Christ: Jesus Teaches in the Temple

Introduction

Aside from the story of the Magi (from Matthew), and the story of Jesus teaching in the temple, we don’t know very much about Jesus’ early life. Even those stories we do have are vague, hardly satisfying our journalistic desire for details and  interesting stories. The story of Jesus teaching in the temple happens well before Jesus’  public ministry. Even then, we are already starting to see Jesus’ identity as a prophet and teacher. We also get a glimpse, albeit a vague one, of Jesus’ relationship with his family. Children may be interested in thinking about Jesus as a child just like them. It is a time when we can emphasize that Jesus was a real human: a living, breathing, growing, and learning person with a family and experiences ( most of which we know little to nothing about). It might be interesting to wonder why this is. Why did the Gospel writers not think to say much of Jesus’ early life? Why is this story one of the only one’s we have? Is it that important? What does this story say about Jesus and the other stories might not say? Did Jesus already know who he was and what that meant?

Hear the Story

Our story today may be found in Luke 2:41-52. Since it is a pretty short story, it’s an ideal one to share from a real Bible rather than one of the storybook Bibles.

Respond to the Story

Every once in a while, it is good to offer open-ended response opportunities to your students. It encourages them to identify something about the story that stands out to them, something that they find important. If none of the ideas below stand out to you, use the resources on the Hearing and Responding to Stories page to generate ideas.

Open-ended response: Choose one or two of the response types below, then set up your classroom space. After you share the story, tell your students that they can respond to the story at one of the stations. Allow students to work independently, and check in as their work progresses. Encourage them and help them if they get stuck by asking questions. You may want to ask them about the content by saying something like, “tell me about your picture here.” Keep all of the art at the end of the class so that we can hang them up. The biggest prep for this is the way you lay out materials, so think about items that you know are in the supply closet, and how they might encourage open-ended exploration.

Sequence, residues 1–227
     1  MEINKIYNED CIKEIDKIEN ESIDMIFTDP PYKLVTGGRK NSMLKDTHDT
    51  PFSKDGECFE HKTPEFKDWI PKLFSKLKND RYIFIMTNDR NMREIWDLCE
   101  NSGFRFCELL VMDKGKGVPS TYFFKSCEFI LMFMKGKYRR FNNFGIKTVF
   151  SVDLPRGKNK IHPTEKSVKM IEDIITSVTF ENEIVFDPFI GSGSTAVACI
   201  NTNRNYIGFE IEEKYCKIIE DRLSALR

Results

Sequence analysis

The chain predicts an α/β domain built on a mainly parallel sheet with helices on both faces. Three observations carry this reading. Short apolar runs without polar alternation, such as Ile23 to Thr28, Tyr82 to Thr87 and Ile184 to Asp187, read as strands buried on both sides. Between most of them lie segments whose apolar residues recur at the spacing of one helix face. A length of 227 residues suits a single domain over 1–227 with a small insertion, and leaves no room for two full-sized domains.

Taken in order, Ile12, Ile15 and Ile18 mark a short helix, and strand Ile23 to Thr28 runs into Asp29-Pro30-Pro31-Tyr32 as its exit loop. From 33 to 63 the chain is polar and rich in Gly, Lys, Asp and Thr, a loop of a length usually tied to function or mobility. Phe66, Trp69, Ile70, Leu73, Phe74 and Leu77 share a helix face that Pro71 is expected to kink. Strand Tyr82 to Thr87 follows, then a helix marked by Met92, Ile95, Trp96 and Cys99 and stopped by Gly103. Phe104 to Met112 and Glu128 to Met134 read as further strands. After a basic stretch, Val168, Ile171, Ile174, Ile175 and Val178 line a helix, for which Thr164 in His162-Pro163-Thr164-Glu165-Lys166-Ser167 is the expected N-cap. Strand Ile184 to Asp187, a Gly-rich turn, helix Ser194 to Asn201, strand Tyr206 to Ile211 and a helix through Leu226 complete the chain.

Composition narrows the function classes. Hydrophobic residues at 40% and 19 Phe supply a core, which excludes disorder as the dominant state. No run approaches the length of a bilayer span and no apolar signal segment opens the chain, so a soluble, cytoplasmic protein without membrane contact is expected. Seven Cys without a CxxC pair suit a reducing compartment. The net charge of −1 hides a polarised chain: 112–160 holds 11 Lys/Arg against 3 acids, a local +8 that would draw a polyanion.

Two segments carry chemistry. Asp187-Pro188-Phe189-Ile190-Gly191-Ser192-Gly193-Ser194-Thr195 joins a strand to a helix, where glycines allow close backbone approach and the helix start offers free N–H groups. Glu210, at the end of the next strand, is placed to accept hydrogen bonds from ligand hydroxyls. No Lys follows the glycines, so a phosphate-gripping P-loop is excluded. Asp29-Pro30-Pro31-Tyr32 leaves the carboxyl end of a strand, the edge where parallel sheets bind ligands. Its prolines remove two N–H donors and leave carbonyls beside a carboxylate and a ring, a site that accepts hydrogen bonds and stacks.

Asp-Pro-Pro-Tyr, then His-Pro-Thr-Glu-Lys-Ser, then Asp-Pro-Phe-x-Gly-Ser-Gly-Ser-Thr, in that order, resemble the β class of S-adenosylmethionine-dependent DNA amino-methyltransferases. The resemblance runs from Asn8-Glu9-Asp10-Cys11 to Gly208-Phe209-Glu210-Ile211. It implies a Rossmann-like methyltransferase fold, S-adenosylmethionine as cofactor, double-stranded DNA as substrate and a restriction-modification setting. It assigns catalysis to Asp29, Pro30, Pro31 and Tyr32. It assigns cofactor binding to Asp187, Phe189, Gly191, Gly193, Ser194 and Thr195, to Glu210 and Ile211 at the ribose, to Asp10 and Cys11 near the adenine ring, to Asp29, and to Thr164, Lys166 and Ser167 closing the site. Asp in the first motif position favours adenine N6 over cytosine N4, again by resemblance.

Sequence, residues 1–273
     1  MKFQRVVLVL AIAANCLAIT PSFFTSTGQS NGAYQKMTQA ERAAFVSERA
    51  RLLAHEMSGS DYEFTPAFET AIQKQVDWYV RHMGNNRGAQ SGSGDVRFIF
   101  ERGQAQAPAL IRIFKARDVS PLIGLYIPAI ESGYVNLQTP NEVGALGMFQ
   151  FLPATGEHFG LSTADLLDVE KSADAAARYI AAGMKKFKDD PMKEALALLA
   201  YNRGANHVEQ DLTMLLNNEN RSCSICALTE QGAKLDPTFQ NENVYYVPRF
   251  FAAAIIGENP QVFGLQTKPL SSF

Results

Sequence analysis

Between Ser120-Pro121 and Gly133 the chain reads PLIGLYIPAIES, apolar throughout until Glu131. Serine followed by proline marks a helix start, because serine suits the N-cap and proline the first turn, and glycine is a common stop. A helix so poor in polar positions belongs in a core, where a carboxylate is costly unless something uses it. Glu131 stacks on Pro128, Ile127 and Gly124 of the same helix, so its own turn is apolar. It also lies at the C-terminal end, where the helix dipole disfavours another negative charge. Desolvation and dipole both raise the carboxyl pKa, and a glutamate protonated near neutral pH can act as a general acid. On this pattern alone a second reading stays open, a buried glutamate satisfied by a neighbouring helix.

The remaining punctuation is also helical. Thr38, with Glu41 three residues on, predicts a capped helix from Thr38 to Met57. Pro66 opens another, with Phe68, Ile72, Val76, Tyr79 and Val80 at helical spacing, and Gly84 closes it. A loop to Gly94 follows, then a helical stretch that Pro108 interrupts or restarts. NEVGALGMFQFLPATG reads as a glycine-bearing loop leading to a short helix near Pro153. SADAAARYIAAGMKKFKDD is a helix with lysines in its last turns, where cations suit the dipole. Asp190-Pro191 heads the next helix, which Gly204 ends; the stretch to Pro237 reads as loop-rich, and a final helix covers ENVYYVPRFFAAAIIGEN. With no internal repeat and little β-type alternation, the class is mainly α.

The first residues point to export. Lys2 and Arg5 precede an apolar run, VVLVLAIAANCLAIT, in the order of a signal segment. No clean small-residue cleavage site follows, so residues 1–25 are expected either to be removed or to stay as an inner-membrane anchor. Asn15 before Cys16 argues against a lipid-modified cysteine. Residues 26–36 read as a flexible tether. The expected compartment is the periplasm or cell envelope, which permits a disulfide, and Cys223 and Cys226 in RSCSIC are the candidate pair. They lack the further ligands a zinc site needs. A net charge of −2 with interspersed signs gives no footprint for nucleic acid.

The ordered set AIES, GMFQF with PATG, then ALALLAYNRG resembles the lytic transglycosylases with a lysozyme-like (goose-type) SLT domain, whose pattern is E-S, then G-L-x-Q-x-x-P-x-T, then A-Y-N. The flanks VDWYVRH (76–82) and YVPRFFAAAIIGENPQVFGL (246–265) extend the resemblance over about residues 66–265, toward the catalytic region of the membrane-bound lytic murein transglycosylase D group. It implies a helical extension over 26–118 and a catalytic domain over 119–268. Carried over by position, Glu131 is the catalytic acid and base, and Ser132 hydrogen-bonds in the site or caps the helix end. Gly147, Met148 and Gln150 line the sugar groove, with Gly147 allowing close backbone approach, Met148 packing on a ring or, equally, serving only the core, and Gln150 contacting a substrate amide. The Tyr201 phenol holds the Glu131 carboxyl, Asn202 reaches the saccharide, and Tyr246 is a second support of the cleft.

1. Body Response: For this station, set out costumes, and objects that represent materials from the story and encourage your students to act out the story together. It might be especially helpful to ask them about the different characters in the story and how they reacted–How did Mary and Joseph respond to Jesus’ answer that he was doing his Father’s work? What story from the Old Testament might Jesus have been responding to?

Alternatively, they can tell the story to each other and come up with body gestures (every time someone says Scribes or teachers, everyone takes a particular body posture).

2. Artistic Response:  Provide blank pieces of paper, a variety of materials, and something like paint or colored pencils. Ask them to think about the part of the story that is most important to them. Then, invite students to create an artistic depiction of that part of the story.

3. 3-D Artistic Response: Offer play-doh or modeling clay from the supply closet. Cover the tables with brown craft paper and allow them to work with an image or theme from the story that was important to them. Ask questions and offer a listening ear as they work.

4. Written Response: For this response, provide writing materials and a couple of prompts to choose from. Encourage students to illustrate their writings. Here are some suggested prompts:

What part of the story is most important and why?

If you could change one or more things about the story, what would it be and why?

If you were asked to tell this story to someone, how would you tell it?

Ask your students to help you clean up the space before snack and closing in prayer. 

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